50 Republican senators, not just Kyrsten Sinema and Joe Manchin, killed democracy

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What’s tragic about the U.S. Senate’s failure to alter the filibuster rule in order to advance the Freedom to Vote: John R. Lewis Act is not that two of 50 Democratic senators voted against it.

What’s tragic is that there were not two Republican senators willing to vote for it.

Not two Republicans out of 50 willing to protect and expand voter protections. Not two Republicans willing to restore some of the anti-discriminatory authority of the original 1965 Voting Rights Act.

Arizona Sen. Kyrsten Sinema and West Virginia Sen. Joe Manchin, Democrats, contributed to that failure. And they should be ashamed, particularly Sinema, who often boasted of her support for the act.

Another view: Sinema really should become an independent now

But the most disheartening aspect of what went on in Washington is that all 50 Republican senators turned their backs on an attempt to protect the most fundamental right of citizenship: the vote.

A 'tidal wave' of voter suppression

Republican Senate Minority Leader Mitch McConnell, who led the fight against protections for voting rights.
Republican Senate Minority Leader Mitch McConnell, who led the fight against protections for voting rights.

As it is, Republican-controlled state legislatures, like Arizona’s, have been passing voter suppression laws that make it more difficult to vote in person and by mail; that make it easier to remove voters from the rolls; that reduce the days allowed for voting; that add roadblocks to registration; that reduce the number of polling places, and more.

This in addition to the blatant gerrymandering of congressional districts that has gone on all across the nation.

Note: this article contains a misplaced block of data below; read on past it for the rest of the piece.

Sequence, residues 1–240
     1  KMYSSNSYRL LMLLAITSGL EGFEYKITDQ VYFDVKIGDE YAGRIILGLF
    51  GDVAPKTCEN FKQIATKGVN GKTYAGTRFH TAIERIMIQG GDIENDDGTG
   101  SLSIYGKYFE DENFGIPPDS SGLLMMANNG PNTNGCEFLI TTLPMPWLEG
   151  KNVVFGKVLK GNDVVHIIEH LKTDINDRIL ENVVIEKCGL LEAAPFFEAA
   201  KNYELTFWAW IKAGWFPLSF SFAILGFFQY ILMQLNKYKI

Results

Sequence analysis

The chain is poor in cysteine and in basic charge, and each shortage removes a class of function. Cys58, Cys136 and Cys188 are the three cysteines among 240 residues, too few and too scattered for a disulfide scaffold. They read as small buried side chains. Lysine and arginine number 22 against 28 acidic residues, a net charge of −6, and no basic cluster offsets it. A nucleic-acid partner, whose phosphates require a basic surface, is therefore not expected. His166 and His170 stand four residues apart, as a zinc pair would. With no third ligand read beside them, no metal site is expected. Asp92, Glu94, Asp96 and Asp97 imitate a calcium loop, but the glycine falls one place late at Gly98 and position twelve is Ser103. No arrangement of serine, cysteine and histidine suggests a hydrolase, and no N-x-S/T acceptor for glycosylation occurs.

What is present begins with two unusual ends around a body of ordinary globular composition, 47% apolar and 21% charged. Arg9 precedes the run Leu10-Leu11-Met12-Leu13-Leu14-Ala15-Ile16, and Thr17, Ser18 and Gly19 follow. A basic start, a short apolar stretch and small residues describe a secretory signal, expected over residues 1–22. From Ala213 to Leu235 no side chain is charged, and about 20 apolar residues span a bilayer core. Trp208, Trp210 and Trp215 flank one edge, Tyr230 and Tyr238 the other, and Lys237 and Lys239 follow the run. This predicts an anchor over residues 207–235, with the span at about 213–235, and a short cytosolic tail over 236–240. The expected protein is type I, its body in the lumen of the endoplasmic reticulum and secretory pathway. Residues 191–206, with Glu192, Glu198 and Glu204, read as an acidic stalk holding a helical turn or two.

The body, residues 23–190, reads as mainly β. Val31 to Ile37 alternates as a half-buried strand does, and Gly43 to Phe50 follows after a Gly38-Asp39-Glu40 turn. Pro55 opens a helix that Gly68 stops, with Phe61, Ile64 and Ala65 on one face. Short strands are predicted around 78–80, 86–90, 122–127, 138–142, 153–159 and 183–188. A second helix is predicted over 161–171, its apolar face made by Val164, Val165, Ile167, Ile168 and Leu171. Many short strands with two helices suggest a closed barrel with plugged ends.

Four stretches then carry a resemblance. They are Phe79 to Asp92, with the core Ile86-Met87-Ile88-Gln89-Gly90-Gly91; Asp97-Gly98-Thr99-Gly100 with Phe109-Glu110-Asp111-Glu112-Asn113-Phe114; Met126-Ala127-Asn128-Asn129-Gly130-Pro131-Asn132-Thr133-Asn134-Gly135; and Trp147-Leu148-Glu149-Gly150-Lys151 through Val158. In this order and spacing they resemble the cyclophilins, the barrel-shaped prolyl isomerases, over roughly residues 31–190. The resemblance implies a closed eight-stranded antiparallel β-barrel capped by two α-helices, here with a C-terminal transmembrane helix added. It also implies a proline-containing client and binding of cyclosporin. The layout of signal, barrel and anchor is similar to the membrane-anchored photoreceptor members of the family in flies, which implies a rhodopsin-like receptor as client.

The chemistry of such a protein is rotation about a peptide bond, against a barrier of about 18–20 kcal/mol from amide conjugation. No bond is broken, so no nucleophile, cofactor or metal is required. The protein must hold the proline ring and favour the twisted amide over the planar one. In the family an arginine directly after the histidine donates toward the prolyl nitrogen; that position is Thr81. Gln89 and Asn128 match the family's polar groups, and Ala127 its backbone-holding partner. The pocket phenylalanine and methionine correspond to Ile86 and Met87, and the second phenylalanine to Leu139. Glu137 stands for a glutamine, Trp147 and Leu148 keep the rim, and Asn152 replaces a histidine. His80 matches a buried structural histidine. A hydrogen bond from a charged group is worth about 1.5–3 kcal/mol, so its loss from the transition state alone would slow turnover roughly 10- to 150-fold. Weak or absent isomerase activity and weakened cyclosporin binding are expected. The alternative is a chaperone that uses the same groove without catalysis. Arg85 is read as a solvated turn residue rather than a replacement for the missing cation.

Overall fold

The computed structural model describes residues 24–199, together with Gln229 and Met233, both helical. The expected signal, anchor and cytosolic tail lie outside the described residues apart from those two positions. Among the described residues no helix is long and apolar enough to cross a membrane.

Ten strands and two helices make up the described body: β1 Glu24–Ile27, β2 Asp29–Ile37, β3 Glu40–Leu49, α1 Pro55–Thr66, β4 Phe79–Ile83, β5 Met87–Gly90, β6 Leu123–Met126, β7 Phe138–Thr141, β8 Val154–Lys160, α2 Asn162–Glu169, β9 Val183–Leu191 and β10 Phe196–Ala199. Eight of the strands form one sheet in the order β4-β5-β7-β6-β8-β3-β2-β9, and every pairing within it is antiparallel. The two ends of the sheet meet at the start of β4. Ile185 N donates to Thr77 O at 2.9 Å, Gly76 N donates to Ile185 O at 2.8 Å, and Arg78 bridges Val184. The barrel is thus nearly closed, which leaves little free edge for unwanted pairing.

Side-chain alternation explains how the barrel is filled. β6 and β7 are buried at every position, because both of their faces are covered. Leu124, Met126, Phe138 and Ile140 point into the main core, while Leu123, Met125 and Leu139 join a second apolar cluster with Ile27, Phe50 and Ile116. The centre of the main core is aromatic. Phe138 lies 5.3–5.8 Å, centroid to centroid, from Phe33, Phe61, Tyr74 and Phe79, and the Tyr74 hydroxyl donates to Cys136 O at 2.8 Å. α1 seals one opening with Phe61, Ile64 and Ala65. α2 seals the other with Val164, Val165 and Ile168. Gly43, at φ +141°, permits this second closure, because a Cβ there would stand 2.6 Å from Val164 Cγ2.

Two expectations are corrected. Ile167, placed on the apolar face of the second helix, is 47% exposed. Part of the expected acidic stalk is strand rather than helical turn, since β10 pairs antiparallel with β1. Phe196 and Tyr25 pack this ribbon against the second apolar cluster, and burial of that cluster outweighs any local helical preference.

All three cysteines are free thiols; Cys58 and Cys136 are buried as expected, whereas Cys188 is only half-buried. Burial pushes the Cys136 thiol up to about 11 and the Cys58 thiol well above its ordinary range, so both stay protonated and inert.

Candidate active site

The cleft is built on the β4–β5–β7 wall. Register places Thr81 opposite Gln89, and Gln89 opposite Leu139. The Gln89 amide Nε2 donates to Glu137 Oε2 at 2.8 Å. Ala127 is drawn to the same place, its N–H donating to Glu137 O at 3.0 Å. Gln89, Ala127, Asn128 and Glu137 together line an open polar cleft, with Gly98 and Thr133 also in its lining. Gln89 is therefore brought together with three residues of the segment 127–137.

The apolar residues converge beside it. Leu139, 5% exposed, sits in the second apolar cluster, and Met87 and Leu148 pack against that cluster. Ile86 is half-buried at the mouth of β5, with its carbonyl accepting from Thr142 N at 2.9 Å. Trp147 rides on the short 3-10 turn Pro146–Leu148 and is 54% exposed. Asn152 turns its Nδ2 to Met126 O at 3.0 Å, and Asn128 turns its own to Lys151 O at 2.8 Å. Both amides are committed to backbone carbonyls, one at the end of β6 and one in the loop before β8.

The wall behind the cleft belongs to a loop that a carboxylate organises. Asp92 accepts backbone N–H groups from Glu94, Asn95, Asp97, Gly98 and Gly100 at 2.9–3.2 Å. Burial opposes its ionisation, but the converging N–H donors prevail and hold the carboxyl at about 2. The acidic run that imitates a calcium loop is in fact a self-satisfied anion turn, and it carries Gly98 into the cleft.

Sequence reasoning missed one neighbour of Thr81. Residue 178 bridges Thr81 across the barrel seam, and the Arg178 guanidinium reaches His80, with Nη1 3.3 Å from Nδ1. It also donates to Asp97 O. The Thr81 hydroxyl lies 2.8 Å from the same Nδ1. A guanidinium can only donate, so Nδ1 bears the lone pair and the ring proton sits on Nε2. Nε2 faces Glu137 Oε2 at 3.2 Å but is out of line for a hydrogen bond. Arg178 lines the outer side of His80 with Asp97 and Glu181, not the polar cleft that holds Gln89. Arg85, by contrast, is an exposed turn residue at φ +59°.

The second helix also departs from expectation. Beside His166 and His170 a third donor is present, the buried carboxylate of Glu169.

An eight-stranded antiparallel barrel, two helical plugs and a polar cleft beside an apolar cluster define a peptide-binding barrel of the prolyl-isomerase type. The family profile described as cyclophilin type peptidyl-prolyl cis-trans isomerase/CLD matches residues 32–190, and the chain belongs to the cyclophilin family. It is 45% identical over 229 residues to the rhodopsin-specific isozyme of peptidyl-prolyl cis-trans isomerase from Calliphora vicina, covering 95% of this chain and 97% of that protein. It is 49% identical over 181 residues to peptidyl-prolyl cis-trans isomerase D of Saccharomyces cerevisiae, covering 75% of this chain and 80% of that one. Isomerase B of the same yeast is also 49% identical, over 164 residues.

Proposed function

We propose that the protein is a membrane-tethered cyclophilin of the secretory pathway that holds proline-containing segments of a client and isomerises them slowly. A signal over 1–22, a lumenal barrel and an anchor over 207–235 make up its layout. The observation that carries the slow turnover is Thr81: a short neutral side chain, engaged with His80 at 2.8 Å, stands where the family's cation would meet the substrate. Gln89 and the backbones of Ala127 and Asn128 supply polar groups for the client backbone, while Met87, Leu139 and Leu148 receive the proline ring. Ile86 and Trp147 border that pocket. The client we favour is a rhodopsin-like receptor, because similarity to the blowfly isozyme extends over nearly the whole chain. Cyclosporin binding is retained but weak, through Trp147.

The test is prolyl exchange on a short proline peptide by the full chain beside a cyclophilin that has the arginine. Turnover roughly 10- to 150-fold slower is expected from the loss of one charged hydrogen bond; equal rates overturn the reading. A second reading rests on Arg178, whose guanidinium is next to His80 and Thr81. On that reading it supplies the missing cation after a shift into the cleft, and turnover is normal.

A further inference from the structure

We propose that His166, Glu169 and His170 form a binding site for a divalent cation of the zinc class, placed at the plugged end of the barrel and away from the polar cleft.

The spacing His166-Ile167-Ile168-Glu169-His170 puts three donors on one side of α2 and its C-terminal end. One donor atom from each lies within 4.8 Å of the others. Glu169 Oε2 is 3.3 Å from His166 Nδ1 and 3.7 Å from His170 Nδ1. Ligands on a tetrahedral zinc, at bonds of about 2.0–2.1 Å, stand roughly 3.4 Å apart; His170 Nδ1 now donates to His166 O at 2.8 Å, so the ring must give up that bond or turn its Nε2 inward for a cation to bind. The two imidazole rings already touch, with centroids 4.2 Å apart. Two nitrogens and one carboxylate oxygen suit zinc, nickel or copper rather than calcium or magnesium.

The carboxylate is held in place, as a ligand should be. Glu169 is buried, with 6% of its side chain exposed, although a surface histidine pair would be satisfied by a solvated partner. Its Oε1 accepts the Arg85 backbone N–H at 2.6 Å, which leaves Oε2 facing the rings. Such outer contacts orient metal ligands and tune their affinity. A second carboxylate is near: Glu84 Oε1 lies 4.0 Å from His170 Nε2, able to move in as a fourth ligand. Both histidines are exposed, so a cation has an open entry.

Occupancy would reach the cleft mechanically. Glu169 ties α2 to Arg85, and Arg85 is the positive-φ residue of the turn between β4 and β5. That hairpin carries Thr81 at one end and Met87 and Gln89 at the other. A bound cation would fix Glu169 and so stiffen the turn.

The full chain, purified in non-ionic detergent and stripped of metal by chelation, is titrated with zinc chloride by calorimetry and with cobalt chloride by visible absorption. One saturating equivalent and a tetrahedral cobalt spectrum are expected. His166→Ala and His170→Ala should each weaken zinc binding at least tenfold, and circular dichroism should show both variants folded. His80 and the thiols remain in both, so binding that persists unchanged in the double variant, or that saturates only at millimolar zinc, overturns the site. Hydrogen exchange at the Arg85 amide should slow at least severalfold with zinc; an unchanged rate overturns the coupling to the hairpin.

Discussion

The Lewis Act would have restored a portion of the 1965 Voting Rights Act that required places that had a history of voting discrimination to receive approval from the Justice Department or federal court before making changes.

It would have protected early voting and expanded voter registration. It also contained provisions to provide protection for local election officials, many of whom were harassed after the 2020 election. And it had restrictions on gerrymandering.

The Brennan Center for Justice researched and described much of what it called a “tidal wave of restricting voting legislation.”

Is it racist? Consider McConnell's answer

Most of those state-level bills will now go into effect. Simply put, it’s a way to rig elections through the law. And all 50 Republican senators went along with it.

Is it racist?

You tell me.

Republican Minority Leader Mitch McConnell was asked if minority voters had a reason to be concerned about voter suppression.

McConnell said, “Well, the concern is misplaced, because if you look at the statistics, African American voters are voting in just as high a percentage as Americans.”

Many, many, MANY of McConnell’s fellow citizens took to Twitter and other forms of social media to explain to the senator from Kentucky that Black people are Americans.

Mary Trump, the niece and frequent critic of former President Donald Trump, responded with a quote by Nobel Prize winning Black author Toni Morrison, who said, “In this country, American means white. Everybody else has to hyphenate.”

Reach Montini at ed.montini@arizonarepublic.com.

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This article originally appeared on Arizona Republic: 50 Republican senators, not just Sinema and Manchin, killed democracy

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